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Old School Bell

zeppssgtr

Jul 19, 2012
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Hi, I recieved what looks like an old school bell from my girl friends father which he wants to get working. I am an electrician however do not know the wiring from this bell. It is a large bell so not sure the voltage? Also, how would i wire this baby up? On the back appears a transformer or capacitor with 2 wires going to the magnets? There are no power wires on it.

2012-07-19_07-57-05_531.jpg


2012-07-19_07-57-24_476.jpg
 

mechtronics

Aug 7, 2011
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looks like a capacitor.
positive and negative supply to red and black wire should do it.

what ever voltage is another thing!!
 
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zeppssgtr

Jul 19, 2012
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No. Both wires coming out if the capacitor go to each magnet. Then one black wire goes from one magnet side to the other magnet
 

mechtronics

Aug 7, 2011
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that would be supplying power to each coil id say. or else its a common ground wire.
 
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mechtronics

Aug 7, 2011
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thats my judgement of it anyway. it would be a DC voltage u'd apply i reckon.
 

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CocaCola

Apr 7, 2012
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Yeah, it appears to simply be two magnets, energize it with some low voltage DC, I would start at 3 and move up to 12 or 18, it's likely not all crucial the higher voltages will just make the frequency higher... The magnets should flip flop as the 'ringer' breaks and makes contact as it moves from side to side...
 

zeppssgtr

Jul 19, 2012
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Tried that many times, but the arm just hits the bell once, does not repeat
 

zeppssgtr

Jul 19, 2012
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It is also a very large bell. The bells are 6" in diameter each, could it take more voltage?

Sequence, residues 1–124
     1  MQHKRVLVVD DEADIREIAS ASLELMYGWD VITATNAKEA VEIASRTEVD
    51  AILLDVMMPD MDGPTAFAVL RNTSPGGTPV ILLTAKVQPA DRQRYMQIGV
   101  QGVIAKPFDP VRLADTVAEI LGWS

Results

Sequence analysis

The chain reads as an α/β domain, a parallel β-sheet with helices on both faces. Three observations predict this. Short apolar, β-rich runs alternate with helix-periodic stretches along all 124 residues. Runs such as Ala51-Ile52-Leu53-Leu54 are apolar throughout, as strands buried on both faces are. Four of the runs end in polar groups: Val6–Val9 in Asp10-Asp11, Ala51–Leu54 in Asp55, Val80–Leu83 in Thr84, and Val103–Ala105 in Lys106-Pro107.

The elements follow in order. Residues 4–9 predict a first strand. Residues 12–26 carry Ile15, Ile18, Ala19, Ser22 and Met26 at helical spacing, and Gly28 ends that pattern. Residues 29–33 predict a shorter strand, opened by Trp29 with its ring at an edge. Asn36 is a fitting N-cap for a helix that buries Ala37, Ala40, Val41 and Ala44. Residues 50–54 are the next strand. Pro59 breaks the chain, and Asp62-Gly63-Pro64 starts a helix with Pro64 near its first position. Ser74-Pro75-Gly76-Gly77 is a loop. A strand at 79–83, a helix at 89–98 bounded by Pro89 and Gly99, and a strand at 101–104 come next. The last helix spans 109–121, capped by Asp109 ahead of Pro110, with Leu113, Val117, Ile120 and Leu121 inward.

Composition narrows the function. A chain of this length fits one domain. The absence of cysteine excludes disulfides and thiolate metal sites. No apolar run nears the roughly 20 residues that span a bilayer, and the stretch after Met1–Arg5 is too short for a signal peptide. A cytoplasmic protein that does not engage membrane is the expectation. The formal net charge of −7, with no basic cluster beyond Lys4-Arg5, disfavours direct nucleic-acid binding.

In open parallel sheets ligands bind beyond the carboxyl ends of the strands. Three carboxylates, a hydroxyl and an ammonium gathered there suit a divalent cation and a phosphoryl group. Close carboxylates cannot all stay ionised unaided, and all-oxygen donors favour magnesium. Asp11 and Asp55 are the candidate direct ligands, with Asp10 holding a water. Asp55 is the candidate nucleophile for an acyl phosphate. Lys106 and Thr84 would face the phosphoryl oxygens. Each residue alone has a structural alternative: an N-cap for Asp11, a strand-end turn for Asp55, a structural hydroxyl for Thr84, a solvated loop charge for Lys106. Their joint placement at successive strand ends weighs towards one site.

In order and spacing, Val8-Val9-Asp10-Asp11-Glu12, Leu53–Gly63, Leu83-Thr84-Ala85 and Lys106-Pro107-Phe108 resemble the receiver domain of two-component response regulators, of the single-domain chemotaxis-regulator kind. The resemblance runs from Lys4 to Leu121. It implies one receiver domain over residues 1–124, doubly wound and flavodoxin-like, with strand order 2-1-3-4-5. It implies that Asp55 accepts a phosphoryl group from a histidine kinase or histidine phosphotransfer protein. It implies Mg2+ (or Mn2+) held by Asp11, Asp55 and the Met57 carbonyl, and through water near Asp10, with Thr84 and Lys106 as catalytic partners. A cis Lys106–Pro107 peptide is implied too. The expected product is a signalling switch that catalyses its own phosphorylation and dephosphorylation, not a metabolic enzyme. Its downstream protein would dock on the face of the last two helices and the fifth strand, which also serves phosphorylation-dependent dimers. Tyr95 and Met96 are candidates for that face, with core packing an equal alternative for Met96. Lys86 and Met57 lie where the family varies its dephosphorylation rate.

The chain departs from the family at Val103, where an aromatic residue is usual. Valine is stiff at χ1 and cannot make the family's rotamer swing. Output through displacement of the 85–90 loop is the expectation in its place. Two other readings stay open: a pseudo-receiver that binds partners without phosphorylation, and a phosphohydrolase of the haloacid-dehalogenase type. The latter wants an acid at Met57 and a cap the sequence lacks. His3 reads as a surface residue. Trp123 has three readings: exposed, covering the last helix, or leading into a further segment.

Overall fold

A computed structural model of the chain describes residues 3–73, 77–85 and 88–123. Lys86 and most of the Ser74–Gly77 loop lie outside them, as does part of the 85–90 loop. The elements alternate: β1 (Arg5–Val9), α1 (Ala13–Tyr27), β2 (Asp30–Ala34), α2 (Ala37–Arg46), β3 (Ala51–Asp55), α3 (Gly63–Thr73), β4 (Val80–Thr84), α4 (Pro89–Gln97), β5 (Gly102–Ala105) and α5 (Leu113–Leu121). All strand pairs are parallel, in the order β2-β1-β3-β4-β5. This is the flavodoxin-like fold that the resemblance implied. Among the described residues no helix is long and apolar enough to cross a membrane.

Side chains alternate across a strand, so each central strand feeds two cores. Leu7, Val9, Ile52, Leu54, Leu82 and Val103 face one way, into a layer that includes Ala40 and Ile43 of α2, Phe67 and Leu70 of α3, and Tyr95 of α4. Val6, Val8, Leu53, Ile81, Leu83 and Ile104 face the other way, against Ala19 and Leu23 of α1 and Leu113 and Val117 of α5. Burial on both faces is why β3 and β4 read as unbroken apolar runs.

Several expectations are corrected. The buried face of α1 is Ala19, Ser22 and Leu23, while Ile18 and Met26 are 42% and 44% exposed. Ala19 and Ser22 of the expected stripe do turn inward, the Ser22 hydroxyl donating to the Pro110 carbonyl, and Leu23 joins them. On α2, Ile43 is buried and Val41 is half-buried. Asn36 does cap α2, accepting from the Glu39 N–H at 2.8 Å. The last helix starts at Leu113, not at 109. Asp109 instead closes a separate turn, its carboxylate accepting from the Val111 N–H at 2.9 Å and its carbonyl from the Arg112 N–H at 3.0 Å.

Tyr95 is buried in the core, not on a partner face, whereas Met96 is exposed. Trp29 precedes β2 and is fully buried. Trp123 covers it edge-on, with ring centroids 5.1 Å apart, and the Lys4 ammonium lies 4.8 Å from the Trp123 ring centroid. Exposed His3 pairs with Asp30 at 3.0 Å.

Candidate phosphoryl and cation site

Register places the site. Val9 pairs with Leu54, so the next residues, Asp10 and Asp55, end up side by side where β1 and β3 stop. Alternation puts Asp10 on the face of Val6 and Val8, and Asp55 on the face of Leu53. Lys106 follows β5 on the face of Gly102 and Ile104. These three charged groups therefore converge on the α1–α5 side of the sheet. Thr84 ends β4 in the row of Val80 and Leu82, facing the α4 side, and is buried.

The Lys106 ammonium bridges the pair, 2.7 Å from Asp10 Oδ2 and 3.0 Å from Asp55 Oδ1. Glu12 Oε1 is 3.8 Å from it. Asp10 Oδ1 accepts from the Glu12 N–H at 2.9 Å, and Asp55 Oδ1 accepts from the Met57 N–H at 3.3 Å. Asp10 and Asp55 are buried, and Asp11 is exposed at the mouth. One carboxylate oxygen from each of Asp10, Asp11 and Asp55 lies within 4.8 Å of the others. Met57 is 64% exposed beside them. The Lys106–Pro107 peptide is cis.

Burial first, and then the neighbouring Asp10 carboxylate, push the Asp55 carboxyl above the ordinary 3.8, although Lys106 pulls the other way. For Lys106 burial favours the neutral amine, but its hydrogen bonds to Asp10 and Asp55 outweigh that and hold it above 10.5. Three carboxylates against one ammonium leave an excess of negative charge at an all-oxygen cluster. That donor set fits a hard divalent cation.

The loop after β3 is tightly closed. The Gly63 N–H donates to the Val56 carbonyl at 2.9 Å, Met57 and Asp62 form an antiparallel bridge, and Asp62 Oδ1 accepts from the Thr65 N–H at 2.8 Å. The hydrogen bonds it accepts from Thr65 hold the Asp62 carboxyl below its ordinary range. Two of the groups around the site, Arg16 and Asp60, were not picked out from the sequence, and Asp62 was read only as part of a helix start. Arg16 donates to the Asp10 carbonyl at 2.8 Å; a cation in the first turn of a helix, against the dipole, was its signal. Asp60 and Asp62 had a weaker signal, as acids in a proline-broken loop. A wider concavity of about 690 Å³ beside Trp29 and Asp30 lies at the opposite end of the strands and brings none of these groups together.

CocaCola

Apr 7, 2012
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I would not even attempt feeding it 120v, take your battery and pulse the current, aka tap the connection fast... If that works it wants a pulsed DC or AC current...

If your low voltage battery is energizing the coil enough to activate there is no way you need 120v...
 

gorgon

Jun 6, 2011
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Could it be that the hammer is breaking the contact to one magnet and making to the other magnet for driving the other way? The capacitors could be noise reduction or timing elements.

If driven by AC the frequency need to be very low, due to all the weight needed to move.

TOK ;)
 

CocaCola

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Hmm, how would a use pulsed DC?

Is it working with pulsed DC? Is the hammer flipping from side to side as you pulse in the current?

If so you should be able to get away with a simple 555 timer circuit to drive it, that is if the pulsed DC is working... You might need to beef up the output of the 555 with a transistor though vs driving directly...
 
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mechtronics

Aug 7, 2011
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or maybe the circuit that was originally feeding the bell had a circuit that done the job. as cocacola said u would have to pulse DC if thats the case.
 

KrisBlueNZ

Sadly passed away in 2015
Nov 28, 2011
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My guess is it's a telephone bell. If so, it will be designed to run from a 20 Hz sinewave at around 100V. I wouldn't connect it to the mains; the frequency is much too high and it will overheat because the clapper can't move that fast.

I'm not sure whether this will help you, but I designed a circuit to drive a similar bell using a centre-tapped mains transformer in reverse. Here's the schematic. I used a lot of shorthand in the component values; let me know if you want more details. This should give you the general idea though.

Power comes in on CN1. I used about 30V DC unregulated, from a 24VAC transformer with bridge and plenty of smoothing. U3 creates a 12V rail for U1 and U2. U1 oscillates at a higher frequency than the bell clapper moves at; U2 divides the frequency by ten and provides two short pulses at opposite halves of the cycle, which activate MOSFETs Q1 and Q2, which are used as a crude push-pull driver to energise the drive transformer connected to CN2 one way or the other. The transformer was probably something like 110V input, 24-0-24 output. It's connected in reverse, i.e. the secondary is driven from CN2 and the primary is connected to the bell.

You adjust the oscillator frequency for the best efficiency and loudest noise from the bell. Bells can be very loud, and the sound carries a long way. I think they're better than sirens as alarms and alerts.

Let me know if you want to pursue this and I can give more details.
 

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davenn

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Sep 5, 2009
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get a mains 120/240VAC ( whatever your country uses) to 12 or 24VAC plugpack

and you will be in business

Dave
 
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